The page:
Geron Soars After Study Shows Bone Marrow Drug’s Benefit

Geron Corp. (GERN) shares rose as much as 32 percent after a Mayo Clinic study found the biotechnology company’s experimental drug imetelstat helped patients with a bone marrow cancer.

Geron increased 17 percent to $6.86 at 7:57 a.m. New York time after gaining to $7.73. The Menlo Park, California-based company’s shares had climbed more than three-fold this year through yesterday.

Researchers studied imetelstat in 22 myelofibrosis patients for at least six months, five of whom achieved partial or complete remission, according to a statement yesterday from the Mayo Clinic, based in Rochester, Minnesota. The clinic said 41 percent of participants in the Geron-funded trial responded to the drug.

“Some patients in our clinical trial taking imetelstat obtained dramatic responses and there have been some complete responses which is almost unheard of for drug therapy in this disease,” the study’s lead author, Ayalew Tefferi, a hematologist at Mayo Clinic, said in the statement. “These are early results but they are promising.”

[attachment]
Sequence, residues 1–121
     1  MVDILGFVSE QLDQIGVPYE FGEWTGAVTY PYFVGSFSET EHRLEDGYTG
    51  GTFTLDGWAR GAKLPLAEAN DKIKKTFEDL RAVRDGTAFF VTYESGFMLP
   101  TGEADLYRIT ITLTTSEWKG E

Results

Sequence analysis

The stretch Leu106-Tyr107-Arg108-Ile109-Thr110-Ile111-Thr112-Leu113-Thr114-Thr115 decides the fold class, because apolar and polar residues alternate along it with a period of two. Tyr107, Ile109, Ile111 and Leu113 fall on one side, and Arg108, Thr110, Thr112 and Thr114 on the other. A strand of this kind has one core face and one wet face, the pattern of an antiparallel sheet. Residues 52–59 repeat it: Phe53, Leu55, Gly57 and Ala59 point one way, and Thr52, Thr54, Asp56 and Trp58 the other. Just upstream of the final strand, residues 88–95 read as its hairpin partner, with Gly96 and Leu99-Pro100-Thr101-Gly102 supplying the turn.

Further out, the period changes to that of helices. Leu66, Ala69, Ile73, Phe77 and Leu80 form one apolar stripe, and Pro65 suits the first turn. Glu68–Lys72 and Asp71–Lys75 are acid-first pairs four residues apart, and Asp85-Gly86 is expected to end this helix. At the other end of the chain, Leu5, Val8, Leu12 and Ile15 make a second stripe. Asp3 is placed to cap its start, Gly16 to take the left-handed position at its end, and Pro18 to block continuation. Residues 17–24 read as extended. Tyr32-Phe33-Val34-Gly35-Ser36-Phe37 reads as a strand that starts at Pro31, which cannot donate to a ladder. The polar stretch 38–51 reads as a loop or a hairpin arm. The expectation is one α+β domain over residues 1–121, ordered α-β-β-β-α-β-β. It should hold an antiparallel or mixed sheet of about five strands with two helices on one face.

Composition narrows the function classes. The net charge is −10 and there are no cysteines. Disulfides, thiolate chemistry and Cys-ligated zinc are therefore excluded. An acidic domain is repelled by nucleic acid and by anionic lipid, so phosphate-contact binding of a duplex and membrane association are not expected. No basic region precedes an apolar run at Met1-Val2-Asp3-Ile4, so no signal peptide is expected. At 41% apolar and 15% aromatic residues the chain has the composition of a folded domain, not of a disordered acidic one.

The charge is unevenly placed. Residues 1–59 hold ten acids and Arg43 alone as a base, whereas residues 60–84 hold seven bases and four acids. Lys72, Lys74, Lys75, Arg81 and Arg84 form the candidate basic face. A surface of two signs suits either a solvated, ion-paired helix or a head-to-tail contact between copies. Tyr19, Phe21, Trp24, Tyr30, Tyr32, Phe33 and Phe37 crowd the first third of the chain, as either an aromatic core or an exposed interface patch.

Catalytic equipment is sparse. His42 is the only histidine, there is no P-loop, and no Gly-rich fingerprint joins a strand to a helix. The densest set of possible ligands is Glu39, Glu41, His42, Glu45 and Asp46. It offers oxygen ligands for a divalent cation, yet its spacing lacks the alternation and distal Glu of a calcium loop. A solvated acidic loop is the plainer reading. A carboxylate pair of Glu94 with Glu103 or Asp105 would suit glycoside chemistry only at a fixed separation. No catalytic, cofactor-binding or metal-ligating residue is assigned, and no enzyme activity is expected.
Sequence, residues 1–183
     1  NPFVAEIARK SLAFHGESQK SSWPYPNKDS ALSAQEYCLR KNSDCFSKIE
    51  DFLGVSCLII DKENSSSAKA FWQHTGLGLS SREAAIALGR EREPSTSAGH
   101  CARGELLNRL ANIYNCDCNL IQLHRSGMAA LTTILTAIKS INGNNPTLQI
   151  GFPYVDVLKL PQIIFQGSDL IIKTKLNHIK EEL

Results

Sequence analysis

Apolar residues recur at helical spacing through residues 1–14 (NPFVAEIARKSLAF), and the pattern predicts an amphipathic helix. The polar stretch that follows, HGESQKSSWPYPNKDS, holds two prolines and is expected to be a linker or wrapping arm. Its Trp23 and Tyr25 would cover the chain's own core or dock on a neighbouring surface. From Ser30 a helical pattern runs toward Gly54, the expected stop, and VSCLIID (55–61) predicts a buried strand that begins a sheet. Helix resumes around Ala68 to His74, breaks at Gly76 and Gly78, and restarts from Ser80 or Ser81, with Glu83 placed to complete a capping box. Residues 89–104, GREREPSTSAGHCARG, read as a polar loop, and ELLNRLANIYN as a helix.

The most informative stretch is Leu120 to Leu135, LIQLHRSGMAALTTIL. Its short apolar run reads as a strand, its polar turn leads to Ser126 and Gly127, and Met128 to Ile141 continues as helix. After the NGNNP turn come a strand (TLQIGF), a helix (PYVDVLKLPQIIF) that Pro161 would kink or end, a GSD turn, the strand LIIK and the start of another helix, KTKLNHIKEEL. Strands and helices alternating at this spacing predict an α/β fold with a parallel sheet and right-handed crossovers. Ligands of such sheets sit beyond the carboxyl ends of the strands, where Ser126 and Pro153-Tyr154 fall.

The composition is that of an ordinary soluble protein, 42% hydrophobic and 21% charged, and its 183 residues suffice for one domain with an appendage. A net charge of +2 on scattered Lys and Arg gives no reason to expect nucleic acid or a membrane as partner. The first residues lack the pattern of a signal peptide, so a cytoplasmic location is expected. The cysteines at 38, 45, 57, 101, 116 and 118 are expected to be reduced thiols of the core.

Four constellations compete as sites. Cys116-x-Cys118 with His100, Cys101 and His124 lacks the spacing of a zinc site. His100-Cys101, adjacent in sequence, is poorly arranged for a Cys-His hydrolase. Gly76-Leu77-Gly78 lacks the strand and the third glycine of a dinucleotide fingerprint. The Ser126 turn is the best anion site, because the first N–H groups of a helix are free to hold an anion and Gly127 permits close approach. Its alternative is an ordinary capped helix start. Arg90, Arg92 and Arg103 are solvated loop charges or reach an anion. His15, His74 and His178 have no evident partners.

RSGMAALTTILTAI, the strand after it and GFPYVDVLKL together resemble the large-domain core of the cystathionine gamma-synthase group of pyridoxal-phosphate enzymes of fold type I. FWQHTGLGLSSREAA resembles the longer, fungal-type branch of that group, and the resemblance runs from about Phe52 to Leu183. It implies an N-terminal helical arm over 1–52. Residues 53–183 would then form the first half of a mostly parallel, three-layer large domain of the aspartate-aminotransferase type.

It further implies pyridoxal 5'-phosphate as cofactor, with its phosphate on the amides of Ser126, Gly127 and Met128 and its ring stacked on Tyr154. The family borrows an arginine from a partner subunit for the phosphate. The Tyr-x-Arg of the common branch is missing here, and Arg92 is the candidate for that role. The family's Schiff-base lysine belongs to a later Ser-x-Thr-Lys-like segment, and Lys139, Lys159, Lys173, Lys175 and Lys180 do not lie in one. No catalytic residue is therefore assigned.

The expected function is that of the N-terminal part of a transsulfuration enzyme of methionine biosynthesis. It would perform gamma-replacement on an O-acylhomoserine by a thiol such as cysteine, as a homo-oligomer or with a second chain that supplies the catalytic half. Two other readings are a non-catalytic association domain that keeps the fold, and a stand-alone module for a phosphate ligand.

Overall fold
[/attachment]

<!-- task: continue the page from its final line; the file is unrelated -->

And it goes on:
Myelofibrosis is a chronic myeloid cancer in which bone marrow cells that produce blood cells function abnormally, according to Mayo Clinic. As a result, scar tissue forms in the bone marrow and can cause severe anemia that requires transfusion, weakness, fatigue and an enlarged spleen and liver.

The data was released ahead of the American Society of Hematology meeting that starts tomorrow in New Orleans.

To contact the reporter on this story: Anna Edney in Washington at

To contact the editor responsible for this story: Reg Gale at

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